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Suppose I have 2 files: an RSA key file client.key and a certification file client.crt.

I have created them without pass-phrase and now I have encrypted client.key file with pass-phrase by command:

openssl rsa -des3 -in client.key -out client-enc.key

Now I want to re-create/update client.crt file with client-enc.key. How can I do that?

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2 Answers 2

A certificate contains a public key and signatures of this public key. This is not confidential information; sometimes you might not want to reveal it for privacy, but this isn't a common enough concern that there would be a specific certificate encryption format. If you want to encrypt the certificate, use your favorite encryption tool, e.g. PGP/GPG.

Is your concern that you've changed the key? If so, you're confused as to what the key and certificate represent, and since this is a rather important matter, I advise reading more on the topic.

  • If you've only put a password on the key file, that's something you did to the key file, i.e. to the medium in which you stored the key. The encryption of the private key file is an independent operation, not directly related to the fact that the file contains a private key. But because protecting a private key for confidentiality is a very common requirement, there is a standard format and an openssl command for doing that. The key is the same, but this particular copy of the key now requires a password to be read.
  • If you had actually changed the private key (which, from your description, you haven't!), you would have to regenerate the certificate from scratch. The fact that a public key only corresponds to one particular private key is fundamental in public-key cryptography: the public key represents your identity, and (knowledge of) the private key is the way you prove your identity.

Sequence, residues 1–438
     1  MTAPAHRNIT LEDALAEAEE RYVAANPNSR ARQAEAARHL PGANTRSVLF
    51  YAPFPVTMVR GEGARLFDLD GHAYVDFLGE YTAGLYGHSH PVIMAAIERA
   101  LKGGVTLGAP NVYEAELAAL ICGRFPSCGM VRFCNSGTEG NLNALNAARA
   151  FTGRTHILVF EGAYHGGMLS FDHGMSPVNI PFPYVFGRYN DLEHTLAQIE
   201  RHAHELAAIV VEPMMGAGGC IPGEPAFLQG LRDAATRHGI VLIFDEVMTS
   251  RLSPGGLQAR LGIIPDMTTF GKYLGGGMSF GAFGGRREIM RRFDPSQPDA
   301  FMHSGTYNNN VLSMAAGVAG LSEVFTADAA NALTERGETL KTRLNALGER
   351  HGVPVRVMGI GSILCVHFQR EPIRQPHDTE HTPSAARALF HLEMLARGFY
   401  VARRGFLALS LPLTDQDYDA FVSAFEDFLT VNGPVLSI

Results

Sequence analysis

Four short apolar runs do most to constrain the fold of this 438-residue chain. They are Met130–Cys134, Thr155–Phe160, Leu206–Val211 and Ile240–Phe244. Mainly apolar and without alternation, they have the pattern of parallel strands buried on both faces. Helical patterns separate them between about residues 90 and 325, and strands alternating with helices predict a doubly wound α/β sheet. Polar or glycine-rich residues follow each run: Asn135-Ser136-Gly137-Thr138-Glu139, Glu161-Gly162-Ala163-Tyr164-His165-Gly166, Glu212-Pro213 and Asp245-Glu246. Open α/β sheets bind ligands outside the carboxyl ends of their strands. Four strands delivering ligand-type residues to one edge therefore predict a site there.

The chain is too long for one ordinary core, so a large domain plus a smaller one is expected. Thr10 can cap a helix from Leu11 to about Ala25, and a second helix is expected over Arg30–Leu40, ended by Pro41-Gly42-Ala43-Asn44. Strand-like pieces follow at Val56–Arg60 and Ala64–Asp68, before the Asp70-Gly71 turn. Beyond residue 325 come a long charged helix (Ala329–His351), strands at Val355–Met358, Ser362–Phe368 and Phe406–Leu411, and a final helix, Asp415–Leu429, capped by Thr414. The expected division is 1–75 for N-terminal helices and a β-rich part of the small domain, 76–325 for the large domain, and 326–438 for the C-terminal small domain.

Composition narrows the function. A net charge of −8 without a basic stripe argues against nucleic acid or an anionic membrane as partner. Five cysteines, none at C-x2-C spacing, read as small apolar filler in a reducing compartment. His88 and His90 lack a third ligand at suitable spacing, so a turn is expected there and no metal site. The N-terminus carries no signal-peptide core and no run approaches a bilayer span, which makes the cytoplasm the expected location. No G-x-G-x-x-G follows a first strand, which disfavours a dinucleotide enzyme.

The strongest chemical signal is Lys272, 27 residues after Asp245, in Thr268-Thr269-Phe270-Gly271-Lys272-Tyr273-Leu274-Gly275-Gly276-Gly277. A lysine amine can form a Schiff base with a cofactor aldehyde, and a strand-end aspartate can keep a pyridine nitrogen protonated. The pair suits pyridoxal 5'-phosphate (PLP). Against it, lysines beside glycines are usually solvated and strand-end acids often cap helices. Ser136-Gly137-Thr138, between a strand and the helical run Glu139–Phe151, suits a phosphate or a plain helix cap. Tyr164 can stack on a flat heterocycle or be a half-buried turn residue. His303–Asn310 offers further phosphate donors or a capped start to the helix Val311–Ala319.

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I was look inside the .crt file as I see a block of "-----BEGIN CERTIFICATE-----" so I think it has embedded rsa key inside but seen I was wrong :P –  tiger2wander Jun 15 '11 at 10:18
    
@Uoc: It has a certificate, which contains a public RSA key. –  Gilles Jun 15 '11 at 15:33
    
Yes, I think so. –  tiger2wander Jun 15 '11 at 17:42

I don't believe you need to. The .crt file only contains the public half of the key, it does not contain a copy of the private key, and you haven't changed the content of the private key anyway — you've just wrapped it inside a symmetric encryption layer (decrypted by the passphrase). Why do you believe you need to update the certificate?

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Yes, I think so! –  tiger2wander Jun 15 '11 at 10:19
    
The certificate file contains the whole public key, not just a fingerprint of it! (Plus a signature that guarantees the authenticity, that's actually why it's called a certificate and you request it from a certification authority) –  Riccardo Murri Jun 15 '11 at 21:50
    
thanks for the correction, edited accordingly. –  jmtd Jun 20 '11 at 9:39

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